BBVA's unveiling this week of a plan to deploy Google Apps to all employees as an eventual replacement to Microsoft Office could set off a new wave of banks trading traditional software for cloud-based, software-as-a-service applications. A precedent occurred in 2006, when Morgan Stanley became one of the first U.S. banks to use Salesforce.com's hosted customer relationship management software. A slew of U.S. banks followed and the solution became almost a de facto standard in the industry.
"I know from my contacts in other banks and other sectors that almost everyone is somehow looking at this; in terms of time they are far behind us," says Jose Olalla, CIO of Bilbao, Spain-based, $709 billion-assets BBVA. "After our movement, some of them will follow quicker."
In Europe especially, the lower-cost Google option may be picked up quickly by other financial services firms. "European banks are under a lot of stress, so anything that lets them optimize and reduce costs will be welcome," says Enrico Camerinelli, senior analyst at Aite Group. "Barclays just cut 400 jobs in their IT department; European banks keep cutting resources."
Although industry observers have guessed that BBVA's is a cost-cutting move, Olalla says this is not so. In fact, the bank is not immediately replacing the Microsoft Office applications employees currently use for office productivity and communication. It is slowly migrating its 110,000 employees from Microsoft Outlook to Google Apps. "We intend to keep using Microsoft Office, we're not getting rid of it," Olalla says. "By the end of 2012, when we have everybody on Google Apps, we will have both Google Docs and Microsoft Office. We'll leave it up to people to decide which one to use. My expectation about this is that people more and more will use Google Docs, and at a certain point in time we'll be able to reduce the number of Microsoft Office licenses." In Olalla's experience, the "magic number" for cost savings through economies of scale in this kind of project is about 20,000 users. The bank has about 35,000 users each in Spain and Mexico, so the cost savings won't be great. But in other countries, BBVA does expect significant cost savings through reduced software licenses. And throughout the bank network, BBVA expects to achieve simpler management of its collaboration and communication tools, although Olalla says the bank has no plans to reduce its IT staff.
"The idea here is not cost savings, it's innovation and transformation; we want to change the way people work," Olalla says. "Imagine for example the production of a written report. Typically it means many emails back and forth with different versions of the report, and everybody adding parts to it and storing it in its own hard drive for their work in progress. At the end, nobody exactly knows which is the final version and where it is. With Google Apps everybody involved works directly (even simultaneously) with the only copy of the document stored in the cloud. No emails, no version managing, no doubt about which is the right document."
Google and BBVA are building a knowledge-sharing platform, Camerinelli says. "The real value is in being able to share documents and have a common repository," he says. This can help employees collaborate and over time, allow banks to quickly provide expert help to customers. Camerinelli suggests that over time, workflow will be added to cloud-based productivity tools that can send alerts to customer agents or loan officers when they need to step into a customer process, such as a loan request.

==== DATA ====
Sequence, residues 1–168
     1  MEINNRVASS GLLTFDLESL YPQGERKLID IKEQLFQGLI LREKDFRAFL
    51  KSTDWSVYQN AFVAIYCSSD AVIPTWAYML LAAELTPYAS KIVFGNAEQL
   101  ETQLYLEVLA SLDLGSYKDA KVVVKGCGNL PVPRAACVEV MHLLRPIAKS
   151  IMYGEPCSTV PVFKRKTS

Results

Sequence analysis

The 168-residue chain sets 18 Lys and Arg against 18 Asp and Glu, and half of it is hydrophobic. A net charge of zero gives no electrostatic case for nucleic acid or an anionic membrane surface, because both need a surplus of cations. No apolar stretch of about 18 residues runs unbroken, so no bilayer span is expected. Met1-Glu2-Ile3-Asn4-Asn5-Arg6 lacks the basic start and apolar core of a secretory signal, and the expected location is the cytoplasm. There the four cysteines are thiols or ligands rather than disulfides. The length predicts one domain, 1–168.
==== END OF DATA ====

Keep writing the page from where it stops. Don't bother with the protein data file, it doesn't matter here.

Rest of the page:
BBVA's Google App contract will cover its U.S. subsidiaries such as BBVA Compass.
"In the U.S., there are specific things they must do regarding local regulations, and at this time the local legal teams are working on that," Olalla shares. "I hope a couple of months from now we'll be able to sign that agreement."
The bank spent a year assessing and analyzing Google's software-as-a-service offering. "We have to be sure that all the issues are well covered," Olalla says. "Google meets all the security standards in the world, specifically the safe harbor standards, and the way they manage the storage of data is to cut information in pieces and store it in different data centers around the world, which makes it impossible to access. Besides that, there's no single vulnerability. We felt very comfortable with level of security." Although Google doesn't share the precise details of how it secures data, the company does share that information is 'chopped' (using an algorithm) and the different parts are stored separately.
Some observers feel that a large technology provider such as Google, Amazon or IBM could do a better job ensuring security than a bank could, simply through its ability to afford better resources. "That is exactly how I see it," Olalla says. "[Google has] around 600 million users of email all over the world. The economies of scale are huge and this is a critical part of their business."
The other knock on cloud-based apps sometimes made by U.S. bankers is that performance is uncertain. But according to Olalla, Google App performance has been very good. "We have a high-level service level agreement with Google that they're meeting month after month," he says. "So far, we haven't had any performance problem."
Olalla says BBVA has no external cloud computing initiatives planned beyond this Google Apps deployment. However, the bank has been building an internal cloud. "In Spain, about three years ago we virtualized all the equipment in our branches and built an internal cloud in our data centers," Olalla says. This year, the bank plans to complete its global private cloud.